Summer was playing ball.
Played Sunshine On Leith five times on the way up in the car.
Once they got the bit of rioting out of their systems, the choral performance of their Proclaimers anthem by the Hibs faithful at Hampden Park on Saturday stirred something.
A beautiful, communal release of longing.
Proof again of sport’s time-shifting ability to squeeze decades of hopes and dreams and glories and culture and life into 90 minutes or 70 minutes.
Or in the case of the Hibees, to distil 114 years of sorrow and sorrow and sorrow and love and the odd merciful release of emotion. Suddenly, Bocelli at the King Power seemed a bit forced. Maybe the Leicester crowd hadn’t longed enough. Had no reason to.
There wouldn’t be a display of communal longing in Thurles, but with the sun blazing, you could somehow feel connected to the generations of legend that might be packed into 70 minutes. That we were unfurling the tapestry, stitched by deeds and ploys and strokes of Ring and Doyle and O’Donoghue and Reddin and Fenton and Fox and JBM and Nicky and the rest.
When legend assured us the sun always shone.
Cue antidote. Nosing through the Square, the first deluge scattered the colours and shrunk the fixture to a low-key first-round clash with a dubious prize.
In early, Nicky English wondered about the Tipp team, wondered what use was winning.
“As a manager you can’t engineer a loss but…. You might be hung tomorrow but you might be in a better position…”.
Into the Dome for shelter and reboot. A gathering of 250 people — a share from Cork — were marking the 1916 Munster final between the counties and ready to revel in a century of shared history and disputed glory.
“Today is testament to great friendship and great memories,” offered Tomás Mulcahy.
Outside, the clouds parted briefly as Nicky and Tomas talked of what it meant and what it means. And remembered what the Canon said, what Babs said, what Hennessy said.
Mulcahy revelled in the centenary heist of ‘84, when Tipp’s late five-point lead made sure a fair portion of the Cork crowd only got the good news when they stepped off the train at Kent Station. English preferred to dwell on the end of the famine in ‘87 or on ‘91, when, as Mulcahy protested, “ye cut the wire.”
Another downpour battered the Dome and shattered the reverie. Reality bit. Ger Ryan of the Munster Council was fretting. “Won’t encourage the walk-up crowd.” By the throw-in, the clouds had made the call to stick around.
The few gowls marred a long silence for the late Joe McDonagh and minds wandered to another song, another emotional catharsis that released decades of sorrow and sorrow and love and longing.
Another game that packed decades into the 70. How much would they fit into today’s?
The communal outbreak of flaking and jostling triggered by the first whistle suggested buy-in. You didn’t get this in the league.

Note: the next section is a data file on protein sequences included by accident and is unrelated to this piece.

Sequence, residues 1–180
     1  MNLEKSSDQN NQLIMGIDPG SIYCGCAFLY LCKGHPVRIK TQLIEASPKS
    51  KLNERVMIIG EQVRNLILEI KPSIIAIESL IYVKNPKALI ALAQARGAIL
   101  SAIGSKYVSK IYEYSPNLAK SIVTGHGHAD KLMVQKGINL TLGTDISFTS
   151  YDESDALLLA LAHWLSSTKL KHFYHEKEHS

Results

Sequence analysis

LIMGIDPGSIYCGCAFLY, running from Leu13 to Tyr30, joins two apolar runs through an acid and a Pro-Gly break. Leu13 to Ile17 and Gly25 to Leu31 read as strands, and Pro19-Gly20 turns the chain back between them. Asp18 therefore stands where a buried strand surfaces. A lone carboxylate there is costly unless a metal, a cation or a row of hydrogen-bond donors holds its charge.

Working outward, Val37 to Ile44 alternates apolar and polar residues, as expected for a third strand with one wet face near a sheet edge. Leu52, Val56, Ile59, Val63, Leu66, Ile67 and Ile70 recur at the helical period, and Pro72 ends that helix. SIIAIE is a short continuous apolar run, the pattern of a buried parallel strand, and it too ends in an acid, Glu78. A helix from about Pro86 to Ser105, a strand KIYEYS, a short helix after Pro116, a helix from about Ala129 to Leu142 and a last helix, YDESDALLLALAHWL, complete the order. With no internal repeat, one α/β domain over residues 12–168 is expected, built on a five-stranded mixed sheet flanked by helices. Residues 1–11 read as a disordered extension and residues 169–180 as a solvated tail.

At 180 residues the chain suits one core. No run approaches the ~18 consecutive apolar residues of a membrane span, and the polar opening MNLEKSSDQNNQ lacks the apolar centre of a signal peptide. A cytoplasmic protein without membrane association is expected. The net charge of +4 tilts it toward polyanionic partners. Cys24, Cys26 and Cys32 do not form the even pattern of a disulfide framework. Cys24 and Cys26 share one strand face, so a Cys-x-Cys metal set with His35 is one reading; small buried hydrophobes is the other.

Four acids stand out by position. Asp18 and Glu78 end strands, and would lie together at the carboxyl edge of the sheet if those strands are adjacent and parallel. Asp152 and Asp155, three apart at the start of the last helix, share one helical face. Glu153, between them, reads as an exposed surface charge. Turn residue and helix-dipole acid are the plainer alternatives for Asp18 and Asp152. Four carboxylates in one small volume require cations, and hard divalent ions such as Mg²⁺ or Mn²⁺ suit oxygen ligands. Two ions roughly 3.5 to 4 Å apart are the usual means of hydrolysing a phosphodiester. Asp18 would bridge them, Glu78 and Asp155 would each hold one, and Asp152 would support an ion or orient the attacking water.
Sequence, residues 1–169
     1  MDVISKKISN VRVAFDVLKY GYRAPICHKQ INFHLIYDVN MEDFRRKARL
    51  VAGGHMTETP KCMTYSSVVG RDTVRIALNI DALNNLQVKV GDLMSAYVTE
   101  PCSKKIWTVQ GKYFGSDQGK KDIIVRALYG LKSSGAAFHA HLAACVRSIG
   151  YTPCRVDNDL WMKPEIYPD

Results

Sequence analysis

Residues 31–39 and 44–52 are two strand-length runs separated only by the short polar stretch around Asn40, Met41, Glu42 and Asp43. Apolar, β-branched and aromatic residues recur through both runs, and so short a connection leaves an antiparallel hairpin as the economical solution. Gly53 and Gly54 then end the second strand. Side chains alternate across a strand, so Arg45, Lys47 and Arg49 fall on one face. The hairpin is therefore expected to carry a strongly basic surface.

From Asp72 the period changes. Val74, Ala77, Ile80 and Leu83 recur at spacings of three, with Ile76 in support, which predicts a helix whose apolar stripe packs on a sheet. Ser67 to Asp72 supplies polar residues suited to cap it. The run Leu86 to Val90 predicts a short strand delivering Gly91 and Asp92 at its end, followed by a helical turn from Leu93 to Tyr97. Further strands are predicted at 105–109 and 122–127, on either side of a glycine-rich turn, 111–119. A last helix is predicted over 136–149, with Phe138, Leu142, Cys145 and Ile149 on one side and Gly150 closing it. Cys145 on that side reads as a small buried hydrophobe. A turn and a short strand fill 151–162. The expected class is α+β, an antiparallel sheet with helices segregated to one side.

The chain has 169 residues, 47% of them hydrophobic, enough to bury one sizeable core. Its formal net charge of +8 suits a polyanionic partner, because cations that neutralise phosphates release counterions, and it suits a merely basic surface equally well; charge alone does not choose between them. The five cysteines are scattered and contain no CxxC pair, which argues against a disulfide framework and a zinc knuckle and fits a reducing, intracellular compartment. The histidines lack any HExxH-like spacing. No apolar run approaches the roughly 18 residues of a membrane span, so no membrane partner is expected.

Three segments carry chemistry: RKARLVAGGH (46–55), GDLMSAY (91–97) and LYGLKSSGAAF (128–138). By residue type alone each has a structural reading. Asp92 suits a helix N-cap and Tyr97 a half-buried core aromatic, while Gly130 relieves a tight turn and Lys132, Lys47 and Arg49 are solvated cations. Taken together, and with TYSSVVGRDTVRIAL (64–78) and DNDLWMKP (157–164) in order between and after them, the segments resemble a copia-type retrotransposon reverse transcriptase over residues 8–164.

The opening minutes were punctuated by several outbreaks of what Ger Canning was undoubtedly calling ‘pleasantries’.
Quarter-of-an hour later, the purpose had hissed out of Cork fury. And a gorgeous first-time flick from Callanan to McGrath, who rifled over, capped a five-minute Tipp masterclass.
One of that sequence of scores, lofted by Callanan from under the New Stand, might even be recalled one day when his legend is told. Tipp were doing a fair impression of a team interested in the direct route through Munster. Cork seemed to be doing an impression of what we must now call ‘modern hurling’.
The ploy of gathering in conclave under puck-outs, then splitting late as if keen to spread a rumour, confused Tipp a while, but offered little profit. While the sweeper swept, Tipp hurled. And time and again efforts to carry and pass brought slippage and spillage. By the half-hour, people were mourning Cork, were mourning Cork-Tipp, were mourning hurling.
As the lead swelled, the stadium just took it in.
It was left to debutant Hawkeye to inject suspense, taking an age to deny Dan McCormack. Hawkeye was called three times over the hour, and three times said ‘Nil’, in its own sweet time.
A Harnedy wide deflated brief Cork resistance. And only the rain intensified, scattering the half-time hoardes early, with Tipp nine up.
Only late flourishes of trademark Tipp exuberance, a little unnecessary embroidery on yesterday’s tapestry, had promised a prolonged contest.
A horrible early second-half wide from Patrick Horgan didn’t. Then Callanan spun away from Damien Cahalane and arrowed another. This looked done.
The game settled into torpor. And Tipp all but declared.
Cork were creating a few rucks, were profiting at breakdown, you might say, if you were to betray all that is sacred. Somehow, they trailed by only seven with 20 left. “If they were to get a goal,” men worried, because they had always worried.
“Rebels, Rebels, Rebels” got a brief airing, for history’s sake. Horgan went for goal, when he might have prolonged the worry by taking a point.
From there it petered out to a full-time murmur.
“Brutal, wasn’t it,” one man summarised. “For Tipp-Cork. Jesus.” Online, on Premierview after, they weren’t even glorying in it. Someone had got word of the sizeable Cork contingent who landed into Thurles station with 10 still to go and jumped straight on the train. The news would be no better when they landed. It was the Dublin train.
At the finish of the Intermediate, they played Slievenamon. They didn’t after the senior. It wouldn’t have a sparked a communal singalong.
Sometimes, you pack decades into 70 minutes, sometimes you don’t even get 70 minutes.
It won’t go on the tapestry, but the legend of Cork-Tipp will survive days like this.
Though maybe not too many of them.